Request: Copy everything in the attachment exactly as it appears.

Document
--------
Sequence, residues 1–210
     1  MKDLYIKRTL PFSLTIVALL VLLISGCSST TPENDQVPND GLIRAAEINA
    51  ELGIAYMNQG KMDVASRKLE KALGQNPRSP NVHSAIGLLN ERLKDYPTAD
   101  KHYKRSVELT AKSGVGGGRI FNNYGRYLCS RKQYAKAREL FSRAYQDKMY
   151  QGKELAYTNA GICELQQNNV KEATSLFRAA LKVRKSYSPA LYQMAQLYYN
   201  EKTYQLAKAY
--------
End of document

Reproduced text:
Sequence, residues 1–210
     1  MKDLYIKRTL PFSLTIVALL VLLISGCSST TPENDQVPND GLIRAAEINA
    51  ELGIAYMNQG KMDVASRKLE KALGQNPRSP NVHSAIGLLN ERLKDYPTAD
   101  KHYKRSVELT AKSGVGGGRI FNNYGRYLCS RKQYAKAREL FSRAYQDKMY
   151  QGKELAYTNA GICELQQNNV KEATSLFRAA LKVRKSYSPA LYQMAQLYYN
   201  EKTYQLAKAY